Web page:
What’s Ailing Medical Device Stocks?

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Ben Marks submits:

Persuasive arguments, even ones that continue to make sense, can go out of favor for just about any reason - and sometimes for no good reason whatsoever.

Consider the school of thought that once drove the valuations of medical device companies: we're all getting older. The Baby Boomers are nearing retirement and needing everything from artificial joints to new heart valves. We have 77 million of these folks hitting that stage of life, as our first Baby Boomer turns 65 this year. And over the next 20 years, the number of U.S. citizens age 65 and up will double to 79 million.

Such demographics notwithstanding, the argument for medical device demand is apparently no longer valid, at least relative to the stock market's current valuation of the industry. Go figure.

To be sure, there is plenty to worry about in this industry, given health care reform, product recalls and a challenging FDA approval process. Yet there are many reasons to be optimistic about a growing industry relatively unaffected by a tough economy.

Since the "aging Baby Boomer" theory held sway, the medical device industry has only expanded. Medtronic (NYSE: [[MDT]]), Minnesota's premier medical device company, has increased everything from their revenue and reputation to their products and pipeline. Yet MDT and other medical device companies have seen their stock valuations drop right off the operating table.

Medtronic is the largest publicly traded company in their industry with approximately $40 billion in market capitalization and $16 billion in annual revenue. Currently that puts MDT trading at 2.4 times sales. Back in 2000, when that "we're all getting older" theme was popular, it traded as high as $60 a share - that's 12 times sales and 50 times forward earnings. Today the stock trades in the mid-$30s at about 10 times forward earnings. That makes MDT more of a "value stock" - meaning it is currently priced more in relation to its balance sheet than its growth potential. That's why we own this stock in our Core Equity portfolio.

Medtronic, as well as other health care companies in Minnesota, such as St. Jude Medical (NYSE: [[STJ]]), Synovis Life Technologies (NASDAQ: [[SYNO]]) and UnitedHealth Group (NYSE: [[UNH]]) are all operating in an uncertain environment. A $20 billion annual excise tax on the medical device industry begins in 2013 - a tax that will have an estimated $150-$200 million impact on Medtronic. That's a real cost, however the expansion of health insurance benefits to an estimated 40 million people (albeit many of them children) could increase demand to help offset that tax. Moreover, the excise tax increases the barriers of entry for start- ups.

Medtronic is no start-up, of course. From its beginnings as a cardiac rhythm management company, Medtronic has grown to seven substantial operating segments: Its core Cardiac Rhythm Disease Management division is accompanied by divisions for Spinal, Cardiovascular, Neuromodulation, Diabetes, Surgical Technology and Physio-control. The two fastest-growing divisions receiving the most R&D funding these days are Neuromodulation and Diabetes.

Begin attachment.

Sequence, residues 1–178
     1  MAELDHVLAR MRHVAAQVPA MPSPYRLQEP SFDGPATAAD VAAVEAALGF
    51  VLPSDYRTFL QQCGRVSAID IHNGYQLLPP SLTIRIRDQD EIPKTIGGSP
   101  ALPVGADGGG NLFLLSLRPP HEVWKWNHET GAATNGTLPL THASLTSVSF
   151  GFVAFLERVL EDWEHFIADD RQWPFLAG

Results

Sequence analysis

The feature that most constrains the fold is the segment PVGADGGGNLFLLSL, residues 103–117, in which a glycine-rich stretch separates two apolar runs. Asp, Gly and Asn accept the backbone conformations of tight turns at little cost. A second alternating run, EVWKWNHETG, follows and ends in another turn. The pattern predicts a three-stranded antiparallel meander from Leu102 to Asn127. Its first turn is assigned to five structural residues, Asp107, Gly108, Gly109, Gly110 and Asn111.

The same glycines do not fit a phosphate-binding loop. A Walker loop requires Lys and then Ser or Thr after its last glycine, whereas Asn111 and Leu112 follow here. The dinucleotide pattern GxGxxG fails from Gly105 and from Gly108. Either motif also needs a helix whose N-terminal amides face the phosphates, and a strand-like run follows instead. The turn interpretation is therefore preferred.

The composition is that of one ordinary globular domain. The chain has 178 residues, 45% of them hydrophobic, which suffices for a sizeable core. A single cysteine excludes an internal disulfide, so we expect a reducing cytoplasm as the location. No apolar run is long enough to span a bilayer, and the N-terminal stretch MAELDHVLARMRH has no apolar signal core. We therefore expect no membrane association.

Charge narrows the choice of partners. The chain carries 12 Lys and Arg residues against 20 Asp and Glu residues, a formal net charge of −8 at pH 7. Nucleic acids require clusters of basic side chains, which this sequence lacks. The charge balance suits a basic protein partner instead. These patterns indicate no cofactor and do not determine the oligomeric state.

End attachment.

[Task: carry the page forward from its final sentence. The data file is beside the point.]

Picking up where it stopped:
Neuromodulation is a cutting-edge technology that uses implantable products to perform what's referred to as "deep brain stimulation". This targets debilitating diseases such as Parkinson's syndrome, with potential for treatment of depression and other mental health issues.

Medtronic entered the diabetes segment of the market in 1991 with the acquisition of MiniMed, Inc., a leading manufacturer of insulin pumps. Medtronic now has 30 percent of the U.S. market in Type-1 diabetes patients (childhood and adolescent-onset), but less than 5 percent for Type-2. Type-2 diabetes generally occurs later in life and is closely tied to obesity, an epidemic in the U.S.

Another key growth division is spinal products, as still-active Baby Boomers nurse their aching backs. In addition to being a demographic play in the U.S., Medtronic projects that its revenue from emerging economies will grow from a current 7 percent of sales to 20 percent. Beyond their existing businesses, Medtronic's venture portfolio has invested $320 million in 60 companies, many of them Minnesota-based.

So let's review: Global leader in medical technology. Improving health for millions around the world. Past and potential growth with proven demand. We're still getting older. And the stock trades at ten times earnings. Although investment rationales come and go (as do companies for that matter), many fundamental investment rules still apply. Call me old-fashioned. For long-term growth investors, there appears to be an opportunity right in our own backyard.

Disclosure: Author owns MDT in his Core Equity portfolio.

Disclaimer: The information set forth herein has been derived from sources believed to be reliable, but is not guaranteed as to accuracy and does not purport to be a complete analysis of the securities, companies or industries involved. Stock investing involves market risk including loss of principal. Past performance is no guarantee of future results. Opinions expressed herein are subject to change without notice and are for general informational purposes only and not intended to provide specific advice or recommendations for any individual. To determine which investments and strategies may be appropriate for you, please consult with Marks Group Wealth Management or another trusted Investment Adviser.

See also Clearwire's Shared 4G Coverage Map for 2010 on seekingalpha.com



The views and opinions expressed herein are the views and opinions of the author and do not necessarily reflect those of The NASDAQ OMX Group, Inc.



This article appears in: Investing , Stocks

Referenced Stocks: MDT , STJ , SYNO , UNH

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